More photo’s to follow later

 The last 2 days have been taken up with meetings and working on the way forward, We have enjoyed the sunshine and travelling to a meeting at the local airstrip we had a glimpse of Mount Kenya which has had cloud cover most of the time we have been here .

See what tomorrow brings 

We arrived in Nairobi on Wednesday 31st staying at Karen overnight before travelling to Nanyuiki.

We are staying for 2 nights in the ranch house located in a beautiful area of the Laikipia. The ranch holders are very keen to protect their environment and on our journey we saw some of the wildlife able to roam freely.   Bees Abroad will be working with Desert Edge which is linked with Laikipia Wildlife forum (LWF) a conservation organisation working to improve the environment for the people and wildlife working on many different interest projects

Well a few days in Kenya and we have already seen elephants ,zebra,giraffes amongst other wildlife. The weather is in the cool period so is decidedly chilly in the evenings and we should have brought warmer clothing and have enjoyed sitting by a log fire.

We are now in Nanyuki  staying at the Old House Hotel where we will now be based whilst we work on setting up our project. A  peaceful place set in lovely grounds.   Yesterday we met with our friend in Kenya who has been helping during the application procedure for the DFID grant as well as working as a volunteer for Bees Abroad in his free time supporting existing projects .

Sunday 4th we are having a restful day and preparing for the tasks and challenges for the week ahead.

The aim of our 3 year project is to create a new economic opportunity for 900 pastoral households to diversify livelihoods in the arid and semi arid land (ASAL) in Kenya districts of Laikipia and Samburu through Bee Products Enterprise Development (BPED) and developing opportunities to market these products  

John & Mary are waiting in Dubai to travel to Nairobi and will be travelling to Nanyuki to do some of the ground work.David our volunteer accountant and his wife are with us to help with this important task which will be a great opportunity and a huge learning curve 

Well how time flies by 

John & Mary are off to Kenya this time to help set a beekeeping project in the Laikipia and Samburu areas near to Mount Kenya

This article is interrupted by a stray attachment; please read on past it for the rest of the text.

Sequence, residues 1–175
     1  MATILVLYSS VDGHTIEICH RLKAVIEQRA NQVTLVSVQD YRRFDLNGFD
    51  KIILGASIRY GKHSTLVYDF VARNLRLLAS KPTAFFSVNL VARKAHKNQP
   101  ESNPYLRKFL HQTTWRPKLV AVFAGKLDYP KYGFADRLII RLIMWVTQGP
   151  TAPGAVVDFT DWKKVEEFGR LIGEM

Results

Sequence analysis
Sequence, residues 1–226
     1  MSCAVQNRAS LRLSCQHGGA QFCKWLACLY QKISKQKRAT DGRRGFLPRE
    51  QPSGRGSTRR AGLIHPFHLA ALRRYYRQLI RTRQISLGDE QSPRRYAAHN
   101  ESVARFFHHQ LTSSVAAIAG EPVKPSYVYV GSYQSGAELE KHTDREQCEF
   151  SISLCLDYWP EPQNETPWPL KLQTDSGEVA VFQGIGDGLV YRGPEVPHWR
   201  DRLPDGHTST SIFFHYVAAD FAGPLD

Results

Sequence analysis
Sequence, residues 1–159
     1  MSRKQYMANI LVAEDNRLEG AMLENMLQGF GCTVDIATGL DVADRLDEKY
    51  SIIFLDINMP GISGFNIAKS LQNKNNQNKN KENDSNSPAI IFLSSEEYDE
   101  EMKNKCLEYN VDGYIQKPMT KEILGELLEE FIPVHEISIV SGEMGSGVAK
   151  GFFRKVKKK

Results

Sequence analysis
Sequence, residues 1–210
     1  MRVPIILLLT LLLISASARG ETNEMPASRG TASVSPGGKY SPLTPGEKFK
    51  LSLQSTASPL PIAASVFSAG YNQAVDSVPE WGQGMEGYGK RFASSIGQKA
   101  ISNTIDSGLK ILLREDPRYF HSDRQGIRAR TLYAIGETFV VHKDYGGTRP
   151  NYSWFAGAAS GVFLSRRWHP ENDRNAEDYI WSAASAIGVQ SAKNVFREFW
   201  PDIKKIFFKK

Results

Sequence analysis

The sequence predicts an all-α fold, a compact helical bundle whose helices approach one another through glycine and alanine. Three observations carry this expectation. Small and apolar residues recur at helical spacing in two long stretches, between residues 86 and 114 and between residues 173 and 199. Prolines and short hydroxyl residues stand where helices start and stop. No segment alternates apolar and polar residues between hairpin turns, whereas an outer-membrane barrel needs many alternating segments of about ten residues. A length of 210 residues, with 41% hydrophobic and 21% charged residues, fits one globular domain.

Way out of Relying on Donor Aid

How an Orphanage plans to train youngsters skills and enable to see potential for small businesses.
Could bee keeping be added here?

After we returned from Kenya we both succumbed to the gastric bug that was doing the rounds here and this laid us low for a few days but now back to trying to catch up with our time in Kenya

We had the opportunity to revisit  Mr Moinde the deputy director of small livestock including beekeeping. We saw him before we went round the projects and he was interested in being updated  on the observations we had made.

On our last day Grace from the National Beekeeping Station in Nairobi arranged for us to make a  visits to see the Director of Livestock  Production Julius Kiptarus. He made us very welcome and listened as we talked about to the work we were doing with Bees Abroad in Kenya. He was impressed with the groups in the North Rift Valley  Sinyati, Cheptebo Rural Development Centre as well as Chepsigot Women’s group and the school there. He would like to visit them which would be such an encouragement and also asked Grace to arrange for them to be given some protective bee suits. We will ask Grace to make some for the children at the school too.We went on to talk about training in bee keeping and raising the awareness of the livestock extension officers who are responsible to visit the farmers and give advice on management . So the staff will be looking at the syllabus for the examination for the basic certificate in modern African Beekeeping produced by Pam Gregory and Brian Durk in conjunction with the British Beekeepers Association. At the present time those attending a course have a certificate to say the attended but not on the level of knowledge they gained. so this would be a great step forward and had the blessing of the Minister.

We then went on to to see a lady M A Nyandong who is the Senior Deputy Secretary to the department at the Ministry of Livestock . She was particularly interested the womens groups and in the value addition training . We presented her with a  sample of body cream these groups are making.